First came Twiggy, then Joanna Lumley, Dame Vera Lynn, Pamela Anderson, and Brigitte Bardot, and now me. With what amounts to a bevy of famous women speaking out for the majority of Britons who want to see a ban on the sale of foie gras, Fortnum & Mason is running out of excuses to profit from the bloated livers of force-fed geese.
As someone who has lived in London for a number of years, I know that Fortnum & Mason strives to be the quintessential British department store. But there is nothing British about ramming a tube down the throats of geese and filling their stomachs with mush. That's why foie gras production is illegal in the UK and more than a dozen other countries and also why Fortnum goes to French farms to stock its shelves. I have watched the undercover video footage that PETA UK shot on these farms, and it's enough to put anyone off their tea and biscuits. Geese raised for the store's foie gras spend their final weeks in cramped pens that reek of the fumes from the waste that accumulates beneath the metal grates on which they're forced to stand. Knowing what it means when the worker with the force-feeding pipe approaches, the terrified geese try desperately to escape, but they have nowhere to go and are too sick and weak to get very far anyway. Some birds are so ill that they can't even stand up - but the workers still mercilessly pump more mush down their throats.
Force-feeding causes the birds' livers to balloon to up to 10 times their normal size and become diseased with what is known as "hepatic steatosis". In addition to being miserably ill with a painful and debilitating disease, the geese can barely breathe because their grotesquely enlarged livers displace their lungs and other internal organs. In PETA's video, geese can be seen panting constantly in a vain attempt to suck oxygen into their squashed lungs. Veterinarian Holly Cheever has compared what force-fed birds endure in their final days to being smothered.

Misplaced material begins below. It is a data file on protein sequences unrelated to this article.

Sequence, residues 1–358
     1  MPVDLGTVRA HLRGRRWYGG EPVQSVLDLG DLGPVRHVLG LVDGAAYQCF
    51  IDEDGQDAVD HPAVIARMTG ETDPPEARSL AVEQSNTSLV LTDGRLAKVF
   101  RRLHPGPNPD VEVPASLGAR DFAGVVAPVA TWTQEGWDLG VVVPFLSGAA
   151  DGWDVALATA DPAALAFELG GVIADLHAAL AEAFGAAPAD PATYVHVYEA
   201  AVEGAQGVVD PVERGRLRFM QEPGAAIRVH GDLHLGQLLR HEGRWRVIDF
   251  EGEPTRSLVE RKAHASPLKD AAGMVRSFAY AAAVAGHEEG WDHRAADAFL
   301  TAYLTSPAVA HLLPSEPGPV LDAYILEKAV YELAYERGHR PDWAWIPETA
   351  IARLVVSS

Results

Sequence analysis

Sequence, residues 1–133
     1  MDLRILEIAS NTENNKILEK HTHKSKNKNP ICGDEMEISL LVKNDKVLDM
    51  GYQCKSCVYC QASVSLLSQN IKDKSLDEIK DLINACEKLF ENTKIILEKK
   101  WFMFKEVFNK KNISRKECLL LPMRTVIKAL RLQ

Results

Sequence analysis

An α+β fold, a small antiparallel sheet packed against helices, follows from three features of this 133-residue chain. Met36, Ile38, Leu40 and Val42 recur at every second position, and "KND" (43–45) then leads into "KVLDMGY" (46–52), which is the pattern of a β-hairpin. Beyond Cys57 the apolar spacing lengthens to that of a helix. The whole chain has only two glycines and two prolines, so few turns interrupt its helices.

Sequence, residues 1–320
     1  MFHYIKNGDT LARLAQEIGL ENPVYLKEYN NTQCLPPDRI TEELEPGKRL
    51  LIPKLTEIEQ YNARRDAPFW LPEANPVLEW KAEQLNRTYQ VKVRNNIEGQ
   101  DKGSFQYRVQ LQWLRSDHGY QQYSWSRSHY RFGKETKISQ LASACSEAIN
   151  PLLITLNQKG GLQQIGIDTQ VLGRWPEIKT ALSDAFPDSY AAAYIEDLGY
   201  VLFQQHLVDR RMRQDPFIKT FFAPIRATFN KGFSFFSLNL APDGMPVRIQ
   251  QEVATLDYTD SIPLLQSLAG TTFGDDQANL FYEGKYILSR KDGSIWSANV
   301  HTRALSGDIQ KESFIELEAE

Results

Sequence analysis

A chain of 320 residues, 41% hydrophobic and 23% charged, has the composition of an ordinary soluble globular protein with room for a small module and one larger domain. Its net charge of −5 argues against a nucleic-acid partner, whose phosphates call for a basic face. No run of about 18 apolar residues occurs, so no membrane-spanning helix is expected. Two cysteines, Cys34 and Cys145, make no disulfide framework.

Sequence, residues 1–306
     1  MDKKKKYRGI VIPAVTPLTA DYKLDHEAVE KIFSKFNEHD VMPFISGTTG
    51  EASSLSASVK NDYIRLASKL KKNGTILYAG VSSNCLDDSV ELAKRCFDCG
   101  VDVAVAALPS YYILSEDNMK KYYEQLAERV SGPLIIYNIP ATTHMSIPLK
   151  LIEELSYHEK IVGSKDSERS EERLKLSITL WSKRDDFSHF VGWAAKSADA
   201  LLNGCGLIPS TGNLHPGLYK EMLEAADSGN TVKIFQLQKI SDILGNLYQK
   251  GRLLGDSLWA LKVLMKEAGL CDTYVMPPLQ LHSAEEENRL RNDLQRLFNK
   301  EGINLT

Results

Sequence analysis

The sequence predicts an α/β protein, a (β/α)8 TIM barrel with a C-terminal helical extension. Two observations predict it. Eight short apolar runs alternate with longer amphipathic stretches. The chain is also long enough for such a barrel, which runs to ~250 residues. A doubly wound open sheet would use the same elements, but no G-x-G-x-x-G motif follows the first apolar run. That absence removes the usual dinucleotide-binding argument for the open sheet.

At the abattoir which Fortnum's foie gras suppliers use, the geese are slaughtered by being plunged upside down into 'killing funnels'. The birds are supposed to be stunned before their throats are cut, but PETA's investigator documented a worker who skipped the stunning step as soon as a supervisor wasn't looking. Instead, he simply stabbed the birds in the throat, which is illegal in both France and the UK. Video footage shows obviously conscious geese blinking, gasping, kicking and trying to lift their heads.
All this misery occurs just so that some self-proclaimed 'foodies' can toss a slab of greasy toxin-infused offal onto their toast. Personally, I wouldn't touch the stuff with a 10-foot force-feeding tube. I much prefer the 'faux gras' I sampled recently, which was created by former Manna chef Sean Paul Redding, a magical concoction that includes truffle oil, wild mushrooms, chickpeas and beetroot - but not so much as an ounce of animal abuse. Sean Paul's decadent creation would be at home at even the poshest gathering, and I wouldn't be surprised to see it served at Clarence House since Prince Charles refuses to allow real foie gras to be served at any of his functions.
In addition to Prince Charles, the BAFTAs, the BRIT Awards, Wimbledon, Lord's Cricket Ground and both Houses of Parliament refuse to serve foie gras, and Harvey Nichols and Selfridges refuse to sell it. Numerous animal-protection groups, including the Royal Society for the Prevention of Cruelty to Animals, Compassion in World Farming, Animal Defenders International, Animal Aid, Viva!, Four Paws, OneKind, Save Me and the International Veterinary Society, have joined PETA in calling on Fortnum & Mason to stop selling foie gras.
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